If you’ve been on campus recently, you might notice a new addition to the landscape by Hale Library.
Selena Hernandez, graduate student in architecture, decided to design her senior art installation project to draw attention to the experience of those who risk everything to cross the border into the U.S.
“I knew I wanted to do a sensitive topic that isn’t really spoken about on campus, which is like immigration, and then specifically with the crossing of the Rio Grande,” she said.
Hernandez said the initial inspiration for the project came from her father’s experience immigrating when he was 15, carrying his brother over a mile across the river. However, she also expanded the project to include a broader experience.
“Instead of focusing on the specific crossing, it was more of me putting myself in the experience and trying to understand how to find balance in an environment that is inherently unbalanced,” she said.
The 10 silhouettes are constructed of medium-density fibreboard with a message in either English or Spanish, and spray painted to give a metallic appearance. A rope suspended by stakes divides them, representing the boundary they struggle to navigate.
“Each kind of shows how like your body is fighting the current trying to get across to the other side,” Hernandez said. “Each silhouette has a different quote based on the personal testimony of immigrants who have crossed the Rio Grande. And it talks about their personal experiences, the people they’ve lost along the way and just how they’ve almost given up hope, but then they realize that they can’t go back.”
Each silhouette has a solar-powered light attached to the base to give the exhibition an extra dimension at night.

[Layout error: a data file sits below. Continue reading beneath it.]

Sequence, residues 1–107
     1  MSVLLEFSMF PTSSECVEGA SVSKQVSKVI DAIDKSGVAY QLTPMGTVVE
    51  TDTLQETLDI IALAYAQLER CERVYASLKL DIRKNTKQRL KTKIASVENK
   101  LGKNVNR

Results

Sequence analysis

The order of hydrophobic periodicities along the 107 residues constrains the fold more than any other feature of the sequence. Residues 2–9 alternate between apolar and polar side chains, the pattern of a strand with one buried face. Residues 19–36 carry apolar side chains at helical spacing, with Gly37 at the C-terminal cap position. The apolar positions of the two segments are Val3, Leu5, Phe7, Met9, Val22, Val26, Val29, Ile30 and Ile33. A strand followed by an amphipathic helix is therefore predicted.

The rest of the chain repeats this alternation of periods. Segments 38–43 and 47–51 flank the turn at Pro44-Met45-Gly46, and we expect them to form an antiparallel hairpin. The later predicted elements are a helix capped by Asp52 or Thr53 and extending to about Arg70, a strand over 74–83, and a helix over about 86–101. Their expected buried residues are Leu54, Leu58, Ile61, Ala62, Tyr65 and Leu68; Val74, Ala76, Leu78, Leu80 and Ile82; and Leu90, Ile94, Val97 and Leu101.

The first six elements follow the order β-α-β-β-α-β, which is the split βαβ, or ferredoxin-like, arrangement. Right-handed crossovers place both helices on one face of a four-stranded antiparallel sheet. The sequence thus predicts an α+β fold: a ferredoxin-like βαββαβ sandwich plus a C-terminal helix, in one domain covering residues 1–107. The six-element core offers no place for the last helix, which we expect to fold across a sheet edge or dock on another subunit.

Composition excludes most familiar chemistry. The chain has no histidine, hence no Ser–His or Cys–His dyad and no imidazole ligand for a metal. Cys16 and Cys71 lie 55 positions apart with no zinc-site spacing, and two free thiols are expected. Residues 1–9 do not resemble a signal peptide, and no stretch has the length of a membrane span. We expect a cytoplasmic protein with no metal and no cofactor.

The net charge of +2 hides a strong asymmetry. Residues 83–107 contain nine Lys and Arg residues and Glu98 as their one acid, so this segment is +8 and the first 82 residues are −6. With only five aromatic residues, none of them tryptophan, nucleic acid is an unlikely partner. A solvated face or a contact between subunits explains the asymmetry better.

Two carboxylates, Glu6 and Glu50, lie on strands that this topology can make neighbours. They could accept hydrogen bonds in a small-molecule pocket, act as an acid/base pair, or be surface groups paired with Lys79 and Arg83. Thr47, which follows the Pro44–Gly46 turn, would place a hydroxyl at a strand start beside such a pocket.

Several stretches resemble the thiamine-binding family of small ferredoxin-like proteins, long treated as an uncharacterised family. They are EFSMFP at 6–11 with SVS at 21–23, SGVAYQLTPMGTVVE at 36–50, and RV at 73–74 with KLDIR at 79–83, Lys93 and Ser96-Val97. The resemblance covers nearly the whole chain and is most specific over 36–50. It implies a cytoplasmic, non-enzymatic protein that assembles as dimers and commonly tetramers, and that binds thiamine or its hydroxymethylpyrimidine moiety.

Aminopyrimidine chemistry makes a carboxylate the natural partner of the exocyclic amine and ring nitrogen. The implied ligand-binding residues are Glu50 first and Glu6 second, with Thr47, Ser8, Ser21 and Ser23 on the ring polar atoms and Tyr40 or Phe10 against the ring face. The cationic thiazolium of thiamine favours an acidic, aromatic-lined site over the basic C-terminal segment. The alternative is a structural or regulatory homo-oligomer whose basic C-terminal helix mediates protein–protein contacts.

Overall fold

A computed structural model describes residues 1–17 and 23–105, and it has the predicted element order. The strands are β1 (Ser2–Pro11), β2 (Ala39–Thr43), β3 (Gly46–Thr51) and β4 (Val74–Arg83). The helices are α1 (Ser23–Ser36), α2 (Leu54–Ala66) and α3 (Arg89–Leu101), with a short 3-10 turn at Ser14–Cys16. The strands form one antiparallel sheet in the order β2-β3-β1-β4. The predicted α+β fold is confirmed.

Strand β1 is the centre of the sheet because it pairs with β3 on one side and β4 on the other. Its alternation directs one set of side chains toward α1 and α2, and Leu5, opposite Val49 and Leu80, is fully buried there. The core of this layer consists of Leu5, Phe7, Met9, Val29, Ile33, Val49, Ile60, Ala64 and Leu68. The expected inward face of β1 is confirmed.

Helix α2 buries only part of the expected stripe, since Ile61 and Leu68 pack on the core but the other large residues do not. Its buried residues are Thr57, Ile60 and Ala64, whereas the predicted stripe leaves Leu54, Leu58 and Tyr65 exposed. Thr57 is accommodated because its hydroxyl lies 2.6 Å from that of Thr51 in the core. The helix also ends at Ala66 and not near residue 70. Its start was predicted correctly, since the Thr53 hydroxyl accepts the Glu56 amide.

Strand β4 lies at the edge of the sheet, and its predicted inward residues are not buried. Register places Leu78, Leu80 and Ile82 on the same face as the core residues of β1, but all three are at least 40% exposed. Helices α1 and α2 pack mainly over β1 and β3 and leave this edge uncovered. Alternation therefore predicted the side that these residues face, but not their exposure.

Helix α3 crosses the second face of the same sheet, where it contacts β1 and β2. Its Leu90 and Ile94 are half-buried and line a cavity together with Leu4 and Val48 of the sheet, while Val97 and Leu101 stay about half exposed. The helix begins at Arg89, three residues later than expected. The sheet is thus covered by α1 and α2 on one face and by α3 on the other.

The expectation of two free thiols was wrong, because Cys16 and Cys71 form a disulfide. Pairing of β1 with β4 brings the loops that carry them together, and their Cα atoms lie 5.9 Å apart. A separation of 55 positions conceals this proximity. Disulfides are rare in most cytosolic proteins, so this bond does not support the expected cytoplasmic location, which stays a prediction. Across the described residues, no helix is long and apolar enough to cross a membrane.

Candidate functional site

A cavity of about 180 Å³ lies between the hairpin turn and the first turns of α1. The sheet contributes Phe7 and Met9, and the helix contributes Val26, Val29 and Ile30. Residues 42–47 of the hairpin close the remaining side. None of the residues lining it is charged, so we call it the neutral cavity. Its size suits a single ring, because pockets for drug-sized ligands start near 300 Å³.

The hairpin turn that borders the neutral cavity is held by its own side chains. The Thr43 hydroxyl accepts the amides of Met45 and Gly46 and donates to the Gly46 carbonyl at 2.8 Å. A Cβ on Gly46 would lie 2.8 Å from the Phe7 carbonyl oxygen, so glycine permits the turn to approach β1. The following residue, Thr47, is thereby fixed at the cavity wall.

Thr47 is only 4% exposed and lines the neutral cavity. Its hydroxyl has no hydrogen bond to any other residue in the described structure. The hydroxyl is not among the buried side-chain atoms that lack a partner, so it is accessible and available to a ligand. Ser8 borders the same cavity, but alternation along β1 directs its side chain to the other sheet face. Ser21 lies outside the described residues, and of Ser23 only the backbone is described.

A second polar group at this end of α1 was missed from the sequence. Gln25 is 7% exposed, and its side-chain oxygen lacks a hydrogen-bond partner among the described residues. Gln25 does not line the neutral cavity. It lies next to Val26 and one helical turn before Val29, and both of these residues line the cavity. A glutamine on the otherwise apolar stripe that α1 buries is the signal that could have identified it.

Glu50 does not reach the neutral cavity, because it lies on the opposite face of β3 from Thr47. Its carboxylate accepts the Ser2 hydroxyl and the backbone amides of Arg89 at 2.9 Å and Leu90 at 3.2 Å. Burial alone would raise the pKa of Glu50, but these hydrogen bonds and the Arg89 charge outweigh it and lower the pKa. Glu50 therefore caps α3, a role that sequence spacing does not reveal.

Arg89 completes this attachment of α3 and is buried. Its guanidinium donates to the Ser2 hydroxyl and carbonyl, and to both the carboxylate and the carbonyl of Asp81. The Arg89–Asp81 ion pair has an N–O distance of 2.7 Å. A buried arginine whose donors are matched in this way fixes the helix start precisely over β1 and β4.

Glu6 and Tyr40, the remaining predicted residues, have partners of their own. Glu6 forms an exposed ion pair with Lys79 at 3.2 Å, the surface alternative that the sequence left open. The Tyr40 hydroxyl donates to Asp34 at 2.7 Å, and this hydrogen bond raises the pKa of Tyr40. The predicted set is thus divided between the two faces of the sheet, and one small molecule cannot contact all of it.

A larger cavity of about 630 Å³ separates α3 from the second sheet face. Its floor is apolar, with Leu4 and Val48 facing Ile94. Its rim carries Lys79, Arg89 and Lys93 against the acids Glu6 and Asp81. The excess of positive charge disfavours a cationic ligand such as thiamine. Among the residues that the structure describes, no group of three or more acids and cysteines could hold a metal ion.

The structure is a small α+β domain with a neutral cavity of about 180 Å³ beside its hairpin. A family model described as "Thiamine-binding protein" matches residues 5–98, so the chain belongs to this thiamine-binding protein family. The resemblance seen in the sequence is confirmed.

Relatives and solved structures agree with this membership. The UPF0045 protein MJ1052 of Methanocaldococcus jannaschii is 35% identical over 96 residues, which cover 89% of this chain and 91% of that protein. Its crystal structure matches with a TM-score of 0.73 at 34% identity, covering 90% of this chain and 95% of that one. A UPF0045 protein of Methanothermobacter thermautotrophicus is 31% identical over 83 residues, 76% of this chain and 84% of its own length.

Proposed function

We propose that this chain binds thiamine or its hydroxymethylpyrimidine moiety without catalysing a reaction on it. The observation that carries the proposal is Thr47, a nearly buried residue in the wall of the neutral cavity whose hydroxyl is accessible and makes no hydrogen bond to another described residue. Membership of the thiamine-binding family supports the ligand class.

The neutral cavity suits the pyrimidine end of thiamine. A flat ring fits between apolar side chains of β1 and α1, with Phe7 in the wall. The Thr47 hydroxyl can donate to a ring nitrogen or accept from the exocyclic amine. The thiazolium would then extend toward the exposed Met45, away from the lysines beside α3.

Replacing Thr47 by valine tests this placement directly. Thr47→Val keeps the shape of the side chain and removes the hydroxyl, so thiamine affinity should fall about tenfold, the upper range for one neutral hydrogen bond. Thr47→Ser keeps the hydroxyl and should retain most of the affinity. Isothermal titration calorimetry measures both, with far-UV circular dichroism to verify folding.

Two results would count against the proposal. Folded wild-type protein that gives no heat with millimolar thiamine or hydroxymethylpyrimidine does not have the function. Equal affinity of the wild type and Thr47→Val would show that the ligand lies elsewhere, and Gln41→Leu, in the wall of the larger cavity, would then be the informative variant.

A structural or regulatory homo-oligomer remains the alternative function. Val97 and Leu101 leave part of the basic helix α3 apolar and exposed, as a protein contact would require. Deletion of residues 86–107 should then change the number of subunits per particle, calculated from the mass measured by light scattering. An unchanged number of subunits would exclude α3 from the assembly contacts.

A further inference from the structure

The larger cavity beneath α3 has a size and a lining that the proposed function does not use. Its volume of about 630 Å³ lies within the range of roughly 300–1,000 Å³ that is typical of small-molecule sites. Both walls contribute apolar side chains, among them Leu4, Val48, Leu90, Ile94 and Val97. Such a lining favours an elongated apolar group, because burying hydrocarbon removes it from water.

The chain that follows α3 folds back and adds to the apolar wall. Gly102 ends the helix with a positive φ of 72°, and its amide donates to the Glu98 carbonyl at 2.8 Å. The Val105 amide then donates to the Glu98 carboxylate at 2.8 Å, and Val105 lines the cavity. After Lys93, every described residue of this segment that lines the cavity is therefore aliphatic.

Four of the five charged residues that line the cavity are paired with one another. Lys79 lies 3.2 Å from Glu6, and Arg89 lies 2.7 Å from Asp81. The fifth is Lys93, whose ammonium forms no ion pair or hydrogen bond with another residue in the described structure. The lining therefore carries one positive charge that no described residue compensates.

“They’re sensor lighting, so when people come up to them, the light is supposed to hit the silhouettes and that’s supposed to act as like a natural surveillance so that people won’t mess with them, or it also conveys the experience of immigrants crossing at night where they could be caught at any moment by border patrol,” Hernandez said.
While Hernandez said the project has been compared to a memorial, she’s trying to find the balance between memorializing the idea while also paying tribute to the thousands of people who have lost their lives while crossing.
“I think a lot of people don’t understand the severity of immigration issues in the United States, and I think it’s just because we aren’t confronted with it on a daily basis,” she said. “My goal for this project was just to first, put it in this location because I know there’s a lot of foot traffic around Hale … and give a space so people can come here and understand the subject on a more intimate level and just engage with it in their own way.”
The current display is a preview to see how the project works on the site, how people understand the project and how to strengthen it, she said. Before the project is due in November, Hernandez plans to continue to play with lights, introduce more color and add more information.
“Our goal was just to see how people I guess understand our projects and see how to strengthen those,” Hernandez said. “At first, I was kind of nervous because I didn’t think that a lot of people would get it at first, but I think I had portrayed it the way I wanted to and people have observed that, so that’s been pretty exciting.”
Hernandez said the project encouraged her to think intentionally about the details and message that goes into architecture.
“There’s a certain craft that goes into it,” she said. “Just making sure that structurally they can stand up on their own, how they meet the site, how it creates a dialogue with the landscape and with the people who engage in it.”